Posted on September 11, 2013 by Rick Glick
A federal court in Washington, D.C. gave some encouragement to transmission line developers—not to mention sponsors of other linear projects, like gas or water pipelines. In National Parks Conservation Assn. (NPCA) v. Jewell, the court rejected a challenge to the National Parks Service’s grant of special use permits and extended rights-of-way for the Susquehanna to Roseland Transmission Line (S-R Line), a replacement and upgrade project.
The focus of Appellant NPCA’s attack was the National Environmental Policy Act (NEPA), a potent weapon in years past. Under NEPA, a federal agency considering a “major” action must evaluate the environmental effects of the project. After an initial Environmental Assessment, the agency either conducts a full blown Environmental Impact Statement (EIS) or issues a Finding of No Significant Impact. NEPA’s purpose is to ensure that the agency takes a “hard look” at the environmental tradeoffs of its intended action, but once having done that, it can decide to move forward regardless. In other words, NEPA is a procedural statute, but lacks teeth to prevent the agency from acting.
Still, NEPA has proved effective in stopping projects in their tracks. The usual avenues of attack have been whether the agency should have written an EIS, whether it considered all reasonable alternatives, whether the EIS needs updating, and whether the project should be seen in a larger context of other similar developments or as part of a broad program. In recent years, however, the agencies have learned how to beat back such challenges.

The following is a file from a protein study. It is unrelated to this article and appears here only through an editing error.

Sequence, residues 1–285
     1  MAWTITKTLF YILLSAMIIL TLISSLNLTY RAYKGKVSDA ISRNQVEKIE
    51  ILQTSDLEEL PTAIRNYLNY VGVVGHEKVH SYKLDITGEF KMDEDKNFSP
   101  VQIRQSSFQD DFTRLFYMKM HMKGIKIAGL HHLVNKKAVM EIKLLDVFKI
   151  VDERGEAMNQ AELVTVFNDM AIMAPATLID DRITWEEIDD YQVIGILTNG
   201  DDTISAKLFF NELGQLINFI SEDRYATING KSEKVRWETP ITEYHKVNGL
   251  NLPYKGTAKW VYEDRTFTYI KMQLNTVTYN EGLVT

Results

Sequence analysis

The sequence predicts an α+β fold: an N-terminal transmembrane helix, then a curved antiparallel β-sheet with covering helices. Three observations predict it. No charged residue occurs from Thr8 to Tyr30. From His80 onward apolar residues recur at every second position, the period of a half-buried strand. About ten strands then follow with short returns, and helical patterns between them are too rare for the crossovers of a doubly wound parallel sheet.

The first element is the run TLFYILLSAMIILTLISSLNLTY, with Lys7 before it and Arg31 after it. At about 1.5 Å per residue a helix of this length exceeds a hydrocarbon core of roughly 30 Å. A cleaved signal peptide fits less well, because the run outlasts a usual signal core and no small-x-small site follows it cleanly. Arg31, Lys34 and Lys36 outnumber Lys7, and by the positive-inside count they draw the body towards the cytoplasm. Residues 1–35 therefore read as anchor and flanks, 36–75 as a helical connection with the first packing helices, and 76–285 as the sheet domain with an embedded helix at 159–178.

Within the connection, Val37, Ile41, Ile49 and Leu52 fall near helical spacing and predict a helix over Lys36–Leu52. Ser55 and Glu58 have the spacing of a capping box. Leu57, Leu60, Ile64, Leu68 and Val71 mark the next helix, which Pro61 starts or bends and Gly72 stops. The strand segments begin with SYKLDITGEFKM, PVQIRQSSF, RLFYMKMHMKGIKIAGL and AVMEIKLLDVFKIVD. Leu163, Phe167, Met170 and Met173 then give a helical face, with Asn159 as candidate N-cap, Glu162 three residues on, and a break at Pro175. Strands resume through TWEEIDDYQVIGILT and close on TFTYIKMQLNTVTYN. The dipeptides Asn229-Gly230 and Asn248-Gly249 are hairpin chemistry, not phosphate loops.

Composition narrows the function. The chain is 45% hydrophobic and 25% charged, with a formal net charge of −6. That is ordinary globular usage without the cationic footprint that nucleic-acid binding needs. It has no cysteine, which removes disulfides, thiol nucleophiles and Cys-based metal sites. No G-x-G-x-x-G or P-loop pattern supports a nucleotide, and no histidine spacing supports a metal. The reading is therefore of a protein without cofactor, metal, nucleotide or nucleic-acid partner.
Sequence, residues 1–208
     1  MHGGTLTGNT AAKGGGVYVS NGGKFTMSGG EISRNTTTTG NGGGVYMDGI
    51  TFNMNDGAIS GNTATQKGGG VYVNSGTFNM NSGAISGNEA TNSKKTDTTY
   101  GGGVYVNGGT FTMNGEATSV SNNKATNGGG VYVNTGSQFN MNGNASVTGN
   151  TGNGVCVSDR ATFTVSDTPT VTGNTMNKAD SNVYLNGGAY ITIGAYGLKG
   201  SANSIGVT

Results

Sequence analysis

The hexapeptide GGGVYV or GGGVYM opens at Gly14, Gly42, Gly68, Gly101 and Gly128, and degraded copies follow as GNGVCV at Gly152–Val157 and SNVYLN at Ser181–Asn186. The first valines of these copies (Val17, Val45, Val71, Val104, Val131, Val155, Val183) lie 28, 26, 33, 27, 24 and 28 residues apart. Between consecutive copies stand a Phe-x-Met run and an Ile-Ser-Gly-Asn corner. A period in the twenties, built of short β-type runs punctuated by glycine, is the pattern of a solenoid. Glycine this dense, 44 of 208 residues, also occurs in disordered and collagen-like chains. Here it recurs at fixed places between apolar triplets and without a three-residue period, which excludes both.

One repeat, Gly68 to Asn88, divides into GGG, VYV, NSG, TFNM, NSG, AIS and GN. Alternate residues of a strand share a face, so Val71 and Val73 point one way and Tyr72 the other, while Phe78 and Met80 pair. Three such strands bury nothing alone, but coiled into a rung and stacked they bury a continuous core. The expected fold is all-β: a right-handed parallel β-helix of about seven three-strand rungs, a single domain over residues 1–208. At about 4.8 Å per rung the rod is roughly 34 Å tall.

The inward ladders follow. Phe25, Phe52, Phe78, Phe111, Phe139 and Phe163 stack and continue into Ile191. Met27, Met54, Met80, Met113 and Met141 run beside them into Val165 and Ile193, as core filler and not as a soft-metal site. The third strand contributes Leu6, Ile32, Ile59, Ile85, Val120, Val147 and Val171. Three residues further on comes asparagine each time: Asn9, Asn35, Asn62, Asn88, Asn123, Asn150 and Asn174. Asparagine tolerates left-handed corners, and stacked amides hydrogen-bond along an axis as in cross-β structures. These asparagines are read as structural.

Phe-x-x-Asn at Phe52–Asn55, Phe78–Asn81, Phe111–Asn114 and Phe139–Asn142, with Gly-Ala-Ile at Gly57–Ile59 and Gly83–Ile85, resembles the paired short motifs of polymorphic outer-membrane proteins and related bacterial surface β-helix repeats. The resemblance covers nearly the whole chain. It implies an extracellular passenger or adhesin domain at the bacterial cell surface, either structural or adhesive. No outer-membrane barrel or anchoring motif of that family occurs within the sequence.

The NPCA made allegations on similar bases here, but this time to no avail. The Parks Service’s EIS took an adaptive management approach to mitigation, anticipating that the mitigation plan would evolve. The NPCA argued that the EIS must analyze the mitigation ultimately decided on, but the court was satisfied the agency had taken the requisite “hard look.” Nor did the court find a supplemental EIS necessary because the “new information” adduced by the NPCA concerned environmental effects that were already within the scope of the EIS.
The NPCA also argued that the alternatives analysis in the EIS was lacking because it didn’t adequately consider the no-action alternative. In this case, the no-action alternative would be to pursue a non-transmission approach, such as distributed energy. The court deferred to the Parks Service’s analysis that this alternative would not meet the objective of improving the reliability of the applicants’ existing line. The court found that the Parks Service rationally considered and rejected the no-action alternative.
The court also rejected the argument that the Parks Service should have analyzed the environmental effects of the entire S-R Line, and agreed the agency could look just at the consequences of extending the right-of-way. The judge took note of the fact that the project sponsors could have reconstructed the line on their existing right-of-way, and therefore there was no functional difference between the reconstructed line on the proposed right-of-way and the existing one.
The court’s approach in this case is consistent with NEPA case law in recent years. Agencies will be given some deference in their decision making, so long as their NEPA documents indicate a good faith effort to look at environmental impacts. Project opponents can no longer rely on NEPA as a reliable weapon to block development.